For so many people, we don’t always get time or take the time to acknowledge the love that we have for each other. We bottle these efforts in cards, in wrapping paper, and sadly nowadays, in memes, posts, and quips to social media platforms. Now, I understand that change is inevitable and the movement of communications to convenience factors are trendy. Let’s evaluate “Love” at this time of year. As you are reading this from a Financial Institution’s website, you can probably guess that it will have a spin on evaluating love and caring to being prepared and preparing for those you care about.
As January crosses into February, I am probably not much different than anyone else when it comes to preparing for the financial homework that is coming; that be, checking the mailbox for 1099s/W2s and organizing the expenses that can legitimately reduce the bottom number on the 1040 of our tax return. Exciting, right. However, this is also a time of the year that evaluate and re-evaluate the giving, saving, and preparing for the year to come and years to come. Let me give you a “fly on the wall” perspective to what I’m talking about.
Giving: For most organizations (church, charities, etc.) a gift letter is sent out to let you know what you have donated in the name of charity. Now, given some major changes to tax law in 2018, most people will not be able to use that deduction on their tax return anymore. However, as being charitable doesn’t necessary mean you should get anything back in return, I evaluate the organizations we intend to continue donating to and those we seek to add to our list.
Saving: This is a broad category, and in combination with your financial advisor, you may want to sit down and discuss what are the short-term projects and goals, and what are the longer-term ones. You may be celebrating a wedding or graduating your 18-year-old on to greater things. These are potentially massive savings tasks for the upcoming year. As I sit down to assess our saving goals, I look to what we are already doing. We are saving in a dollar cost average method for our kids’ futures, we are making sporadic and regular contributions to our long-term goals of retirement, and we are saving for the upcoming events, trips, and vacations for the year to come.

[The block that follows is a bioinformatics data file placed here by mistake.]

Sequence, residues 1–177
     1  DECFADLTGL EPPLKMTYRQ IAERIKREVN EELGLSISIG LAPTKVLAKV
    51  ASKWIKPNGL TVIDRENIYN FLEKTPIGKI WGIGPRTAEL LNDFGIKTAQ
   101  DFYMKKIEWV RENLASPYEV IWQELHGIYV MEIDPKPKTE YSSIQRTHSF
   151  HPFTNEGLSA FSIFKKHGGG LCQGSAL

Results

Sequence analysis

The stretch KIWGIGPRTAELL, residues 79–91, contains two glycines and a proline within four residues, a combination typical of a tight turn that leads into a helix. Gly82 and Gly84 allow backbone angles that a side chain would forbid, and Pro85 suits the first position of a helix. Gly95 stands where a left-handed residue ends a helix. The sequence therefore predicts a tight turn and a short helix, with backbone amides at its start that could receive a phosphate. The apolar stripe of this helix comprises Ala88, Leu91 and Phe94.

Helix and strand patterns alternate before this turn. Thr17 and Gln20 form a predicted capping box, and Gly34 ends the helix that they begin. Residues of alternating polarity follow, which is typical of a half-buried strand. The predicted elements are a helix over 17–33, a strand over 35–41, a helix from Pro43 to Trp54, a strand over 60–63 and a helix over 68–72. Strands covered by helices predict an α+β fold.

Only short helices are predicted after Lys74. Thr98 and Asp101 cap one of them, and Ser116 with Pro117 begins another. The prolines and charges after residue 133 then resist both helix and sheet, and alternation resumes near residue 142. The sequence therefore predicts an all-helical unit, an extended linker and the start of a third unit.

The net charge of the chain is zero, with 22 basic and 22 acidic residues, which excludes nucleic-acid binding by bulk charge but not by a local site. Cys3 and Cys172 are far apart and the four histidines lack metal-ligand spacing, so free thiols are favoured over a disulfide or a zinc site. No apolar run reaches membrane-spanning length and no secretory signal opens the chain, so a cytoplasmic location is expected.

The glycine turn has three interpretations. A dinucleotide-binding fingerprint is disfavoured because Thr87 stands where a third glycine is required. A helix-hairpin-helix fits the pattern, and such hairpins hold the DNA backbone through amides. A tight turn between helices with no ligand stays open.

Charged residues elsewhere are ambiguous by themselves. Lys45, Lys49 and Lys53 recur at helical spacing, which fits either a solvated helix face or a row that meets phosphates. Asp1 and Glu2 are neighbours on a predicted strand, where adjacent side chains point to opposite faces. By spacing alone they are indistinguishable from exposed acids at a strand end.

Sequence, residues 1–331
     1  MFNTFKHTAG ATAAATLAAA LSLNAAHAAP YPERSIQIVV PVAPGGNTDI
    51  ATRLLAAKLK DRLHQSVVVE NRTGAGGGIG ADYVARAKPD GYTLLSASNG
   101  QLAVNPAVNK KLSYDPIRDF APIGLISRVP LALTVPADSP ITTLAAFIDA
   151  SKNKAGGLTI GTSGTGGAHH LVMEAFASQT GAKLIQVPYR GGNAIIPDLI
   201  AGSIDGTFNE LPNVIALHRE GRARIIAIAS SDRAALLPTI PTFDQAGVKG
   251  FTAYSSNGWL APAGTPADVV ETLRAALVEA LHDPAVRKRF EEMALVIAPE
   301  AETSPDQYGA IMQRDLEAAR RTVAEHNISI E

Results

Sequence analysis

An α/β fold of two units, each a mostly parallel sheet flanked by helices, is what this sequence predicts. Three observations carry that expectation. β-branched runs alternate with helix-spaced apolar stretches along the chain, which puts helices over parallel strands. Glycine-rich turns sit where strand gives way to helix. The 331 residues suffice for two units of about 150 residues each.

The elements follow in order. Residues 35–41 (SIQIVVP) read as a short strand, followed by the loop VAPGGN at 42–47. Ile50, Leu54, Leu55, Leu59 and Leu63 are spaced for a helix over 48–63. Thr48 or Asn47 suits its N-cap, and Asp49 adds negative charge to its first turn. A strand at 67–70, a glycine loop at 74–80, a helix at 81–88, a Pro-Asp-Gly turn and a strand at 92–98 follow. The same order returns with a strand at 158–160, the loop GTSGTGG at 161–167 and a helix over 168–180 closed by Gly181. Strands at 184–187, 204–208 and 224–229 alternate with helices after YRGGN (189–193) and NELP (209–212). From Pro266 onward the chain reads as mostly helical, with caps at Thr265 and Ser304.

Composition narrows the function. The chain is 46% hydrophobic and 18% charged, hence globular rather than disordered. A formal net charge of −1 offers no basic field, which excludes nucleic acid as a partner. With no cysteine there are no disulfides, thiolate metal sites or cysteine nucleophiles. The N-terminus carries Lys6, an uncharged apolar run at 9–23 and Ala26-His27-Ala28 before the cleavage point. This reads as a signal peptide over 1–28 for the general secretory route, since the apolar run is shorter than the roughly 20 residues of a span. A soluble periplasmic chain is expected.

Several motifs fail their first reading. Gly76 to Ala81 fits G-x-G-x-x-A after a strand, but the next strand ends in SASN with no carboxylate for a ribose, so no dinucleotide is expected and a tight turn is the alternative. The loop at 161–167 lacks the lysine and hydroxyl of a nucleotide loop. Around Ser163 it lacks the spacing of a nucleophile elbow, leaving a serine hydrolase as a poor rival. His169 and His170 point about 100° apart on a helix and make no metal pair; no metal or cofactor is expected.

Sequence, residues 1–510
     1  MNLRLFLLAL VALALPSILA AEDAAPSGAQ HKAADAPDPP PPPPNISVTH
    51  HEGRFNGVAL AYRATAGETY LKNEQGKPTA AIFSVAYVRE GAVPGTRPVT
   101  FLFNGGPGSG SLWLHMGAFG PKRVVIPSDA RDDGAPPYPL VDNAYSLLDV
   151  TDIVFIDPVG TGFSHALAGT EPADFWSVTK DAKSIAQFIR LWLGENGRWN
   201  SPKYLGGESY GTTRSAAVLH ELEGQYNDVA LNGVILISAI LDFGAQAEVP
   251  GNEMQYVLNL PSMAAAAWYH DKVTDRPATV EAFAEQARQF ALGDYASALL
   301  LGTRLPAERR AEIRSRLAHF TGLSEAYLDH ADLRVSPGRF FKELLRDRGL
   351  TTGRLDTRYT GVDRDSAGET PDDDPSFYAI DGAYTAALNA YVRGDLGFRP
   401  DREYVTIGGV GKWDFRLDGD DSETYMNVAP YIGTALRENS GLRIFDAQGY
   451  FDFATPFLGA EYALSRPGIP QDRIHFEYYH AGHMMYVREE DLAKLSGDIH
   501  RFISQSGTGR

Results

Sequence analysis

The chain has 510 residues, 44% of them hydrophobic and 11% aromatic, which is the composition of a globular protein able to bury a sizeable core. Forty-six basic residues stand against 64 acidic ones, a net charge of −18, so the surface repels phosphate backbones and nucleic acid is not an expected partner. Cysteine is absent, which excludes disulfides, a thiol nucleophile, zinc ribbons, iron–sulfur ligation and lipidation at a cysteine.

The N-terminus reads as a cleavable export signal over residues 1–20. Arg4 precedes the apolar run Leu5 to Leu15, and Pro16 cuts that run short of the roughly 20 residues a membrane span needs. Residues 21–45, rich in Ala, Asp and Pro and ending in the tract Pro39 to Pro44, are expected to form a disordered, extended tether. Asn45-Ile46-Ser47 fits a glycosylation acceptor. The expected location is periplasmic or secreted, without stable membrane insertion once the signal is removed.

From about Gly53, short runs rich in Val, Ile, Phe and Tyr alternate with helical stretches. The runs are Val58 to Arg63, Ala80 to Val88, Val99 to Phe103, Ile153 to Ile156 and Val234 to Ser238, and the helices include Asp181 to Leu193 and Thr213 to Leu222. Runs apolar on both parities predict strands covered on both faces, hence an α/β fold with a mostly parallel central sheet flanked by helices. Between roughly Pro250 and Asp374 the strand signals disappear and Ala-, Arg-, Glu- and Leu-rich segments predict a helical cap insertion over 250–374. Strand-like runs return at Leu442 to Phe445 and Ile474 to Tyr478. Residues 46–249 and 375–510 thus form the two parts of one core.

Planning: A mentor of mine once told me that a goal is not achievable if it doesn’t answer all the W’s.
Who: Makes sense. Who is this goal meant for? Is it a family goal, therefore getting more of the house involved? Is it a personal goal potentially demanding you to make changes or improvements in your world? Identifying who is to benefit from this goal will keep you directed.
What: What is the plan this year? What is the plan for next year and beyond? Maybe you need to sit down with the advisor(s) in your life. Standing still is never a New Year’s resolution.
When: When do you get started on this plan? Or do you need to catch up to make this plan work? Are your time frames to accomplishing this goal feasible for the work needed before the deadline?
Where: Some goals have a where, if it is buying a home, the where may what location is affordable and in driving distance to your needs. If it is a destination, organizing and saving for a family trip or retirement home, the where is also important to help organize your saving needs and timeframes.
Why: Is this something important for you this year? Some goal planning is overthinking to a goal that may not happen soon or may not be achievable. Why is really the emotional connection to scale your passion to planning for the goal. If passion to succeeding in this goal is high, it may motivate to change for results.
How: This part is where we come in. I meet with people every day that have big and little dreams, large and small savings, and generous tithing and giving wishes. How is where your financial advisor can be the of the greatest help. Remember, a Financial Advisor isn’t just a person that watches your money grow or shrink, they are someone that should hold your hand though the front and back story of your goal planning process, keeping you aware of certain risks and steering your objectives to a successful completion.
And as Valentine’s Day approaches, this may be a time to evaluate one question: “Are you in love with your Financial Advisor?” If not, maybe it is also a good time for you to re-evaluate for the year and years to come.